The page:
At the same time, he brought ideas from elsewhere back to his firm. In 1956, with his wife, Mary, he made an international pilgrimage to major architectural landmarks, including Frank Lloyd Wright’s Oak Park houses and Johnson Wax Building in Wisconsin, and Lever House in New York. Overseas, he visited Le Corbusier’s Unité d’habitation in Marseille, which he remembers as a building full of “fascinating moments,” whose modularity allowed the building to be scaled to the human figure. He also toured Mussolini’s Palazzo della Civiltà Italiana in Rome, the circa-1940 slab-block tower that he remembered as “cruel, stripped-down rationalism. It was fascist. And yet my simple less-is-more brain sort of liked it!”
Back in Vancouver, Downs became a voracious reader of the European design journals in the TBP library: Domus, Architectural Review, and a slew of magazines from Finland and Scandinavia, which brought him new ideas about imaginative form beyond the International Style template. His love of craft, landscape, drawing, and watercolours helped endear him to the star designer at Thompson Berwick Pratt, Ron Thom, who enlisted him to render the handcoloured presentation boards for the 1960 Massey College competition as well as hundreds of his other projects.
Meanwhile, his role at TBP transitioned from illustration to full-fledged design. His breakout projects include the 1957 house for his friend Art Phillips; the 1958 Ladner Pioneer Library, designed in collaboration with TBP colleagues Richard Archambault and Blair MacDonald; his own 1959 glass-and-brick Downs House I; and the 1963 Rayer Residence, later expanded by Blue Sky Architecture + Design into a live-work residence.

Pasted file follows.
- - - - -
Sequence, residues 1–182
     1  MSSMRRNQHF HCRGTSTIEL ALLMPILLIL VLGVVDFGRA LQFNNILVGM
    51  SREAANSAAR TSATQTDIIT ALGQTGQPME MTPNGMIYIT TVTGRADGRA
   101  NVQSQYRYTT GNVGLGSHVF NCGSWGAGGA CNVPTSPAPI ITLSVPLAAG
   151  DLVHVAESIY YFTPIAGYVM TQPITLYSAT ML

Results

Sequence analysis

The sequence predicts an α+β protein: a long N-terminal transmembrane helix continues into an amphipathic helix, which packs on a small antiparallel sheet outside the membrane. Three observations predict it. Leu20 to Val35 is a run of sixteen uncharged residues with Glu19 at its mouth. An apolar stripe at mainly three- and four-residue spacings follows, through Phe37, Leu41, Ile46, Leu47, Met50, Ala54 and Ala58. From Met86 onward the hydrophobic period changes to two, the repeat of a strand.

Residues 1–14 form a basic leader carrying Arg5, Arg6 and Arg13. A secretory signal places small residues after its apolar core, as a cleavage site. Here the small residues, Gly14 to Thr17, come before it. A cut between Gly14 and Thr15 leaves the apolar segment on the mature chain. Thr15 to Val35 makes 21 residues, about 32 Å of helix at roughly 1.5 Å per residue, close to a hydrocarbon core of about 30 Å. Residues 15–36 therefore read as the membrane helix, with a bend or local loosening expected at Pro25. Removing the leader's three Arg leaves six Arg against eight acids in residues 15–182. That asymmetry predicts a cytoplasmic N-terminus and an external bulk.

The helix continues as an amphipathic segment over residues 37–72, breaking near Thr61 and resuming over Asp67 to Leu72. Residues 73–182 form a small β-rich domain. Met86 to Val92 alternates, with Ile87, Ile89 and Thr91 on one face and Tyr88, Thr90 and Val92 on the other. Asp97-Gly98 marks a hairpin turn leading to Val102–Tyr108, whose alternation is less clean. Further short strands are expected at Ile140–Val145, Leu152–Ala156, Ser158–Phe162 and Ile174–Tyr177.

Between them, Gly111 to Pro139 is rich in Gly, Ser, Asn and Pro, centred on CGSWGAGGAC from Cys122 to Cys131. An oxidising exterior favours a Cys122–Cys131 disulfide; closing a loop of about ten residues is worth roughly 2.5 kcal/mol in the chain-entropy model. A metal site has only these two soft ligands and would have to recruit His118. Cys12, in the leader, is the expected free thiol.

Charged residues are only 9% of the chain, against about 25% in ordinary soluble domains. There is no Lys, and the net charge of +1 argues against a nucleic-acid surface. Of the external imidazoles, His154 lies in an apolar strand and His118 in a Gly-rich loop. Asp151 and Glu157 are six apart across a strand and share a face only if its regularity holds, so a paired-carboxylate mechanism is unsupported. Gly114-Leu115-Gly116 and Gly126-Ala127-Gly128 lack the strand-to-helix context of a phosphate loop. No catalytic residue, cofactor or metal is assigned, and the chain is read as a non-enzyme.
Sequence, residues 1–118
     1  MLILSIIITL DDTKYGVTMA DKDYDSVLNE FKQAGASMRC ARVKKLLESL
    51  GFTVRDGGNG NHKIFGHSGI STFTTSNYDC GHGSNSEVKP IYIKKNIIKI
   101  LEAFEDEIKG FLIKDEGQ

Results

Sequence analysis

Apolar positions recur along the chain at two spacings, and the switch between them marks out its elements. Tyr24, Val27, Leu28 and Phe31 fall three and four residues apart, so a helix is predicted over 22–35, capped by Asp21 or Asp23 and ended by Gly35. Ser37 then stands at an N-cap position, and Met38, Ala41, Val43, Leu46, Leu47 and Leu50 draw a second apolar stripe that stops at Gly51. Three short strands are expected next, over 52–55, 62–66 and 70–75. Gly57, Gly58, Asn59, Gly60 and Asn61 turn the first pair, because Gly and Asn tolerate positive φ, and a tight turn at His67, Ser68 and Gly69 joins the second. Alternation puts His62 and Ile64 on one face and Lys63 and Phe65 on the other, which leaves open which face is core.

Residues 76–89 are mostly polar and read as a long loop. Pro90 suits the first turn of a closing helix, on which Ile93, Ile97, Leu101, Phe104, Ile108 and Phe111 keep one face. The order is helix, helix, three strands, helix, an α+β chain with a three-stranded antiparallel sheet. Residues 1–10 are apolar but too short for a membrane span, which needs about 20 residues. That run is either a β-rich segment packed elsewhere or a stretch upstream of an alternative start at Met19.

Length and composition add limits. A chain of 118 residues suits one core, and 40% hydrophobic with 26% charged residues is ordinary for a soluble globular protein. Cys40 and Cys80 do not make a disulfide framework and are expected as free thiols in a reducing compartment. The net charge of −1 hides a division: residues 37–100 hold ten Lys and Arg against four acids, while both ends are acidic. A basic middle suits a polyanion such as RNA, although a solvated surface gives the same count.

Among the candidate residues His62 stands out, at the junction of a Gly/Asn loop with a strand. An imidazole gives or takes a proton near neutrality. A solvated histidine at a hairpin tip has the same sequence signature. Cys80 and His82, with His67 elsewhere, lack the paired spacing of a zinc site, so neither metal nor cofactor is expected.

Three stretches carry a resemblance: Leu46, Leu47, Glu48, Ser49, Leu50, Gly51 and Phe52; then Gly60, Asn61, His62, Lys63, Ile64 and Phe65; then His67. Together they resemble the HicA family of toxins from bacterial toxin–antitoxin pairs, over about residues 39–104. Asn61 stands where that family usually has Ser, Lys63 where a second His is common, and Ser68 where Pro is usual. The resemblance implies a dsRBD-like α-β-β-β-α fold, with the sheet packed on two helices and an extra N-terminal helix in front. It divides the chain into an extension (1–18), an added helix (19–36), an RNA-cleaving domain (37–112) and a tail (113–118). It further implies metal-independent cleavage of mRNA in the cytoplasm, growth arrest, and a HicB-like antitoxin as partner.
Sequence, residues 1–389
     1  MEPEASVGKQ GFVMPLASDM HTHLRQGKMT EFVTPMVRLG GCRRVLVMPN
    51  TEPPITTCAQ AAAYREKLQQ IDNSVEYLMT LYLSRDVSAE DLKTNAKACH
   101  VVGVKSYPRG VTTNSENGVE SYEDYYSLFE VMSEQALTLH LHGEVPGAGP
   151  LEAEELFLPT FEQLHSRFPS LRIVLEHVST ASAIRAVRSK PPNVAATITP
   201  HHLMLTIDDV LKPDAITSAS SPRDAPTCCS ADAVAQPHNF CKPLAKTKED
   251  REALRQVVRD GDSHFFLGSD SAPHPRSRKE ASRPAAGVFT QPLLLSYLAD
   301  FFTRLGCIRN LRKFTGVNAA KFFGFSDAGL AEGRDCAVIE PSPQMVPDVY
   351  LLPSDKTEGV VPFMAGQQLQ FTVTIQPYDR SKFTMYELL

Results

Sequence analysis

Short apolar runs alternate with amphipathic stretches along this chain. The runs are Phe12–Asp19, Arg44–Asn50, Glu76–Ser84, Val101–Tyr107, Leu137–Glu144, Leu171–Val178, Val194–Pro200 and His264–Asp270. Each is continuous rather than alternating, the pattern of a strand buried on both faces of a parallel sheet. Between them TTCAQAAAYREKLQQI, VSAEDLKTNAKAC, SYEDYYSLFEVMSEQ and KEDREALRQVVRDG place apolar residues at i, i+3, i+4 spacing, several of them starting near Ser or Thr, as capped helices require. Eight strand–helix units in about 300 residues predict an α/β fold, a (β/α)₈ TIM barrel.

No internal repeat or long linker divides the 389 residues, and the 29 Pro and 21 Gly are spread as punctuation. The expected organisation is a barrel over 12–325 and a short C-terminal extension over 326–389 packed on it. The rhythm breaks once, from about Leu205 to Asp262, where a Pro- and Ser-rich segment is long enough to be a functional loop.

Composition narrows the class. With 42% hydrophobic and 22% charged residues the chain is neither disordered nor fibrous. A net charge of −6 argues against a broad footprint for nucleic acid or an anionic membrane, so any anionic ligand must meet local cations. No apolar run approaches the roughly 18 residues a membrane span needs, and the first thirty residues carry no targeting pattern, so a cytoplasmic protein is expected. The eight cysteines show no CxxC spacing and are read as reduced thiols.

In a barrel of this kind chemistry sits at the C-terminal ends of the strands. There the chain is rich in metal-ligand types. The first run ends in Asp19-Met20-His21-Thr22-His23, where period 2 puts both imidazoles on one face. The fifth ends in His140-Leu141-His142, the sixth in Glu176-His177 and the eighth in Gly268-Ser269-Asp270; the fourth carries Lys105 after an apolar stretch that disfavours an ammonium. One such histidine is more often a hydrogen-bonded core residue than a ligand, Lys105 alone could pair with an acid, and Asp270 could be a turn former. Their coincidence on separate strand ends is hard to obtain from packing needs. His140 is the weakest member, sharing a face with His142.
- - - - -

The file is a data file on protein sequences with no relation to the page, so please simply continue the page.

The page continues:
In 1964, when an anticipated partnership at TBP failed to materialize, Downs left to start a new firm with Fred Hollingsworth. Their skill sets weren’t entirely complementary, however. Hollingsworth’s penchant for Frank Lloyd Wright differed from Down’s more subdued and minimalist approach. Also, Downs wanted to design larger projects and public buildings, while Hollingsworth remained content to focus on single-family homes.
In 1969, his life and career improved when he teamed up with architect Richard Archambault. While at Downs/Archambault, he designed or co-designed several important landmarks, including the North Vancouver Civic Centre, the Brittannia Community Centre in East Vancouver, and Lester B. Pearson College of the Pacific on Vancouver Island (with Ron Thom as lead designer), and more houses. His 1972 Oberlander House II, designed in collaboration with urban planner Peter Oberlander and Cornelia Oberlander, was recently sold to a sympathetic buyer who plans to restore it.
For his second family home, he designed the Downs House II in West Vancouver, with walls curving in a contiguous plane into the roofline like an Airstream trailer. The house is the subject of an eponymous 2016 monograph by UBC architecture professor Christopher Macdonald.
He spent much of his later career on urban projects, including Vancouver’s Library Square by Moshe Safdie, and the Roundhouse Community Centre plan. “Perhaps most extraordinary in Barry Downs’ career was his demonstrated ability to transform his practice from a modest, largely residential focus to expansive urban design projects,” says Macdonald. “It was precisely this ability that has given us an enduring sense of locale both in individual residential design and the distinctive contours of our cities.”